Netherlands-based life sciences firm to set up U.S. headquarters in Keene
Detact Diagnostics CEO says location is ‘ideal’ for expansion
Detact Diagnostics, a Netherlands-based life sciences company that produces bacterial- and viral-detection solutions, will be establishing its U.S. headquarters and laboratories in Keene.
The expansion is in partnership with the Hannah Grimes Center for Entrepreneurship and Keene State College, which will provide space for Detact to create a clinical laboratory improvement amendment (CLIA)-certified laboratories as well as an expansive internship and employment program.
“With its easily accessible networking opportunities compared to larger markets, plus its life-sciences ecosystem and the support from Hannah Grimes, New Hampshire is the ideal destination for our U.S. expansion,” said Joost Gazendam, Detact’s CEO. “From its proximity to the Manchester and Nashua areas, to its affordability, quality of life, and community connectivity, this rural region offers endless benefits that will allow us to continue to grow our company, educate a new generation of professionals and deploy life-changing technology.”
CLIA-certified laboratories are federally regulated sites that test human specimens to diagnose, prevent and treat disease. The lab space, to be developed at Keene State, will be used for Detact’s on-site bacterial-detection platforms, which enable healthcare providers and food-processing professionals to detect the presence of virus and bacteria and allow for fast, affordable and precise treatment.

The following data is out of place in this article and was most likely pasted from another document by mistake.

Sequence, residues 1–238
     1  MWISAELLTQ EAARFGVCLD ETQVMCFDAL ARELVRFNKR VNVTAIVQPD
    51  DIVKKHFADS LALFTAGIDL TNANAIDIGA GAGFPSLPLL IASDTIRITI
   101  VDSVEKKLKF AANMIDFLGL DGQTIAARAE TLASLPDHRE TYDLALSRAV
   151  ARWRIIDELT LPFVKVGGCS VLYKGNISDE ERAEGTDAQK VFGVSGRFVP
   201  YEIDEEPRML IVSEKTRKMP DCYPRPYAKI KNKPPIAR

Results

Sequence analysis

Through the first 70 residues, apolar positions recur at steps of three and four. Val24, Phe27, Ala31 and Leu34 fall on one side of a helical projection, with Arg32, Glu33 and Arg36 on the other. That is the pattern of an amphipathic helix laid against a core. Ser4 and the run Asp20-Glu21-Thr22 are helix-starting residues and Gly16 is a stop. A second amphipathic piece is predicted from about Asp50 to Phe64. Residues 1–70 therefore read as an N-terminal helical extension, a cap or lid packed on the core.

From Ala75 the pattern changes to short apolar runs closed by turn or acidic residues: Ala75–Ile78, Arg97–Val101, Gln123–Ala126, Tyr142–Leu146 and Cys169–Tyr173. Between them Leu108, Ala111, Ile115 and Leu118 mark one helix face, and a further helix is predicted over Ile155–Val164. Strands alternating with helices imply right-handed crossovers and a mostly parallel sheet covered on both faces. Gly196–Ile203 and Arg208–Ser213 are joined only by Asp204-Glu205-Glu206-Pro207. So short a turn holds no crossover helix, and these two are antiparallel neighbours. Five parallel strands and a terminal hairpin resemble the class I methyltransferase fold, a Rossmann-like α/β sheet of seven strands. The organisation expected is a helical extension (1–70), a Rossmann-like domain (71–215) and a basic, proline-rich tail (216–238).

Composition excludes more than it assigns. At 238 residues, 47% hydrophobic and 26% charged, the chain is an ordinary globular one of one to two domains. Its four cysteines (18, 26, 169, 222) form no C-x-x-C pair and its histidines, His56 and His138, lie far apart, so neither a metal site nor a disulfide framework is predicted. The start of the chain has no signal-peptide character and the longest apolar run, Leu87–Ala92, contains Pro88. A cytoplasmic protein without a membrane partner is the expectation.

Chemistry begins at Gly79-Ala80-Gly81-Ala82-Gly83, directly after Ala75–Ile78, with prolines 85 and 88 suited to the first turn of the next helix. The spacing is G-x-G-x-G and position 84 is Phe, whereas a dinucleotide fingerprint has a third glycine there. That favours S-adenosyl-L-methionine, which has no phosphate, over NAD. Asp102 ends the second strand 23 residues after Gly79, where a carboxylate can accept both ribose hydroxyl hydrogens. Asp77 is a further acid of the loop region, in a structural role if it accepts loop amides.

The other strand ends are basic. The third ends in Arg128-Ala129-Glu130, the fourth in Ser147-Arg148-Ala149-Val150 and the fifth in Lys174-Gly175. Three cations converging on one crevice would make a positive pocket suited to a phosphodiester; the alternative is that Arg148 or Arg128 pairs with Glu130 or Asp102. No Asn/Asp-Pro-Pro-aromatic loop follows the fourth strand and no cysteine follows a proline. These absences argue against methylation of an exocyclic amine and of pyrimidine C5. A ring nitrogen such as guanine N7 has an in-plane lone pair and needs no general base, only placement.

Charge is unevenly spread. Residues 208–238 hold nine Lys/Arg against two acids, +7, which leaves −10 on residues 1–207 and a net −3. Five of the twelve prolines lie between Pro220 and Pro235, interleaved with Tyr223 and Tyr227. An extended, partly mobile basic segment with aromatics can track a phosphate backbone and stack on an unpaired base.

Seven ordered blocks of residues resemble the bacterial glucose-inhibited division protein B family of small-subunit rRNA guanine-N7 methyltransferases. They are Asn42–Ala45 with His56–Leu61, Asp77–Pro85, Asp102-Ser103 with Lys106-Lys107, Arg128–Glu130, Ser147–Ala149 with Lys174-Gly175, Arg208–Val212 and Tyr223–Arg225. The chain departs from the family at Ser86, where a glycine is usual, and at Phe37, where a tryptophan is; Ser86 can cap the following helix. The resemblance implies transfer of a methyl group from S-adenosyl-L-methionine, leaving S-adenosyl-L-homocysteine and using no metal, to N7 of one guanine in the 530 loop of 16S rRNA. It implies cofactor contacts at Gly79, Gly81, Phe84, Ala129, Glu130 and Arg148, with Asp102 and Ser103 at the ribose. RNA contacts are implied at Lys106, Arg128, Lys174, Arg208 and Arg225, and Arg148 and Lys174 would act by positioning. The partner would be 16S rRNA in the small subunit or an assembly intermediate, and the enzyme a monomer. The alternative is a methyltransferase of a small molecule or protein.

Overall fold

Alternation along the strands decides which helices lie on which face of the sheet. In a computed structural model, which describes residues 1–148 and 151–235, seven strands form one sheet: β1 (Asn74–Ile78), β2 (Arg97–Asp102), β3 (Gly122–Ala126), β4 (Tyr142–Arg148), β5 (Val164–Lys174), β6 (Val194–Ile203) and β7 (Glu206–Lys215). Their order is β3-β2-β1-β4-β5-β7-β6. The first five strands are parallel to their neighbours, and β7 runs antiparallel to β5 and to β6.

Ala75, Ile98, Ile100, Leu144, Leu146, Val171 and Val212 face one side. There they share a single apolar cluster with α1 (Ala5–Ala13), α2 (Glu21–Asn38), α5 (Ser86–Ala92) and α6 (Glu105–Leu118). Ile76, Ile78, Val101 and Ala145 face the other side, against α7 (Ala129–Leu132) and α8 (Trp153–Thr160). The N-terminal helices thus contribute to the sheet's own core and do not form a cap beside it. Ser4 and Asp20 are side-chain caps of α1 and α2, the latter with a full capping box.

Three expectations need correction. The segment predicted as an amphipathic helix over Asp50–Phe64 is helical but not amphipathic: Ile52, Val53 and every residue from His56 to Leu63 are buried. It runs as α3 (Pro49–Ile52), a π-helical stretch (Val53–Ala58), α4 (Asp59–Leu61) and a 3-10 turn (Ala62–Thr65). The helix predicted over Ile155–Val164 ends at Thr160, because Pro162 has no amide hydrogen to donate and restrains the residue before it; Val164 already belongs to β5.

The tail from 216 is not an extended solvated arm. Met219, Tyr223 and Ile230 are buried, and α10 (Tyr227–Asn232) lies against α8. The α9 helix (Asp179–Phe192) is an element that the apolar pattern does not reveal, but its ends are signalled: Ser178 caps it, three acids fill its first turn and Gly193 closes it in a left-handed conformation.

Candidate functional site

By measuring the amount of light released by a specimen, the patented Detact platform technology, called VIPER (Visualization by Infrared Peptide Reaction), can determine the presence of bacteria or viruses.
The company said it plans to hire Keene State College students for academic internship opportunities each semester and will roll out multiple hiring incentive programs in partnership with the institution.
NH Business and Economic Affairs Commissioner Taylor Caswell said the announcement “further demonstrates the value of our ‘triangle’ strategy (employer-academic center-government) to generate high-tech investment statewide.”
According to the Department of Business and Economic Affairs, The Granite State’s life science and medical device sector, which includes over 600 companies, employs over 7,000 and contributes close to $6 billion to the state’s GDP, is one of the top three leading drivers of economic growth. Medicine manufacturing was the number one sector for job growth in 2019.